This isn't a permanent solution but will keep you insured in the short term.
| 11:34 pm on Dec 11, 2003 (gmt 0)|
|Also, what's keeping you from going over to BUPA and signing up... |
You're not located in the US, are you? ;)
| 12:20 am on Dec 12, 2003 (gmt 0)|
NO I'm not ;) and as I said I have no coverage of any kind whatsoever... In fact in this country it's quite usual to pay for most of your own stuff, while the rest (big things) is free.
| 9:36 am on Dec 12, 2003 (gmt 0)|
Some interesting recent related news on this subject at:
| 9:43 pm on Dec 12, 2003 (gmt 0)|
|what will all their waivers of pre-existing conditions and such |
Slightly off topic, but just to let you know in the US, an insurance company has to cover pre-exsisting conditions as long as you have had them covered by ANY insurnace company for the prior six months. It's the law.
On topic, if you are in a Kaiser Insurance area, their rates are pretty reasonable for individuals.
Be careful signing up for insurance, though. Check the company out thouroghly. From what I have read, individual insurance scams are on the rise. They take your money, tell you that you are covered and then when you need coverage, they turn tail and run.
| 1:54 am on Dec 14, 2003 (gmt 0)|
no knock on your post, but why would anyone even try to get insurance from a company that is sketchy? even though i just started working from home, and really need to get health insurance again, there's no way i'm going to skimp out on the coverage. $150/month for full coverage on Anthem (arguably the best NorthEast US company)? sign me up! (as soon as i get a little more steady income) i can't put a price on my health.
| 3:30 am on Dec 14, 2003 (gmt 0)|
Not a problem for me I'm Canadian ;~)))))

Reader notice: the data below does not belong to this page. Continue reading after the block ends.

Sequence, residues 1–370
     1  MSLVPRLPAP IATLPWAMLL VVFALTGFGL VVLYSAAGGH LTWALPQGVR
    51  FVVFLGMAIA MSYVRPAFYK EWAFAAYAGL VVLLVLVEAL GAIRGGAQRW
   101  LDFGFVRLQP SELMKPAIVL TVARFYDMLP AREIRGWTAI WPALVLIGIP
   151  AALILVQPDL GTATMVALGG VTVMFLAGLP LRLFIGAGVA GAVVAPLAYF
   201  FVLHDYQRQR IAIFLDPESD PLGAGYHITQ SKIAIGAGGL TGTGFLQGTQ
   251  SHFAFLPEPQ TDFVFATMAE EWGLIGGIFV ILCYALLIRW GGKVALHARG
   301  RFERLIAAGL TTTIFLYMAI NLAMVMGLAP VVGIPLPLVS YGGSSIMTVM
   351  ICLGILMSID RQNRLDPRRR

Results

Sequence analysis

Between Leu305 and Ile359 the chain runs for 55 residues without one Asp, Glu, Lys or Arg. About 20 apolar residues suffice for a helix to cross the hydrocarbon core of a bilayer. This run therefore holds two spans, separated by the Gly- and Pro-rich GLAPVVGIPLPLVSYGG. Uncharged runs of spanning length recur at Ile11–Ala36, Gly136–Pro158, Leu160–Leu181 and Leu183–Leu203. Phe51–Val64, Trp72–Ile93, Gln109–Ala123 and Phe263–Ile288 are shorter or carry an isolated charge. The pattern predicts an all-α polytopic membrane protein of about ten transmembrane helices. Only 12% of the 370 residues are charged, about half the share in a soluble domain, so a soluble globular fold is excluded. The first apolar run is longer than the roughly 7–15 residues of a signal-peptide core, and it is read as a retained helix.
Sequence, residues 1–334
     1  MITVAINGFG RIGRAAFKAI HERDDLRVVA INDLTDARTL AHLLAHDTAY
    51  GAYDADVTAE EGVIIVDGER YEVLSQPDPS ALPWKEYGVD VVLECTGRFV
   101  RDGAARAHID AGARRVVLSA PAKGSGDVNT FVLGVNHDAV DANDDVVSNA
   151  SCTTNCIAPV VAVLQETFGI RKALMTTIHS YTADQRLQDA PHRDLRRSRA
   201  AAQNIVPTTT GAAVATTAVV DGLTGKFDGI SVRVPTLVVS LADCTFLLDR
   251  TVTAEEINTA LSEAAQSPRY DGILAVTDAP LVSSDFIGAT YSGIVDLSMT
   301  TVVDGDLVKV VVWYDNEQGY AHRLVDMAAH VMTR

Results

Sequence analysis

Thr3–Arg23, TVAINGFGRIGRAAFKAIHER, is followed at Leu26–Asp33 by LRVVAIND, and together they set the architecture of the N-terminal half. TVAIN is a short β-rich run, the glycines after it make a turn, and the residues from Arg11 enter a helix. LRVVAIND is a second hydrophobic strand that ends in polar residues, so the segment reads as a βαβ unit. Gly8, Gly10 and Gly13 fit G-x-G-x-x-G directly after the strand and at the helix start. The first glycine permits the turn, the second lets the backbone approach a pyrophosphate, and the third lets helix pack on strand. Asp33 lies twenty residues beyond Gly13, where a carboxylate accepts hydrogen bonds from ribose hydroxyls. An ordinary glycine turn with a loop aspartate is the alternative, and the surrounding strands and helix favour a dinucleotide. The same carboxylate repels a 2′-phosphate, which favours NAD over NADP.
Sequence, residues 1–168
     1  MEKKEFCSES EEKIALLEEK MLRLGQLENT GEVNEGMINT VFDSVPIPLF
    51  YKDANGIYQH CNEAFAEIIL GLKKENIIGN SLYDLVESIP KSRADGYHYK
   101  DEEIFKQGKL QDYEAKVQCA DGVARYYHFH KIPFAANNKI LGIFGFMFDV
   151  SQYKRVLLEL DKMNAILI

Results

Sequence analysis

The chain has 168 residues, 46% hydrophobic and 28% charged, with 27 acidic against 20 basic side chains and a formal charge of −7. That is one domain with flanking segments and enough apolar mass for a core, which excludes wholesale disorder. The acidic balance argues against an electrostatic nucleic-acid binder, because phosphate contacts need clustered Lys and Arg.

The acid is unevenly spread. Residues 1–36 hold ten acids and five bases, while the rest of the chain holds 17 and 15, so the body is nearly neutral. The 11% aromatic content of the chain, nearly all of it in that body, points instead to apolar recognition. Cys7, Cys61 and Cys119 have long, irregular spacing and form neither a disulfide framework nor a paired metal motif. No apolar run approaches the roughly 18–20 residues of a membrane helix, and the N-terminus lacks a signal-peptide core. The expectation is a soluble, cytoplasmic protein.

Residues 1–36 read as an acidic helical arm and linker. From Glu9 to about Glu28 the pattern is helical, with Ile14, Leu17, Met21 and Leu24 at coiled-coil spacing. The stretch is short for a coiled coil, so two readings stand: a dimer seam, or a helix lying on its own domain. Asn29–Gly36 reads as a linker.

| 6:55 pm on Dec 15, 2003 (gmt 0)|
Just wanted to say THANKS for the replies here. I've done some web searching for insurance information and, as Hanna hinted, it's not easy to separate the wheat from the chaffe. Thanks again.
| 3:51 am on Dec 18, 2003 (gmt 0)|
Look for a Farm Bureau in your state. Here in Tennessee they have the best rates for individuals/families. We pay less than $200/mo for health. Kicker is that it doesn't cover prescriptions - so hope for generics.
| 2:15 pm on Dec 18, 2003 (gmt 0)|
If you are an AIGA (American Institute of Graphic Artists) member, I believe you can get discounted health insurance in certain states.
| 6:46 pm on Dec 18, 2003 (gmt 0)|
|Slightly off topic, but just to let you know in the US, an insurance company has to cover pre-exsisting conditions as long as you have had them covered by ANY insurnace company for the prior six months. It's the law. |
That's for group coverage. If you're not in a group, you CAN get turned down - or have an exclusion put on for the pre-existing condition. That happened to my wife when I worked for a place that did not offer health insurance.
Many states have their own programs. SC has the South Carolina Health Insurance Pool. They are expensive and offer poor service -- but it's something in case of major health problems.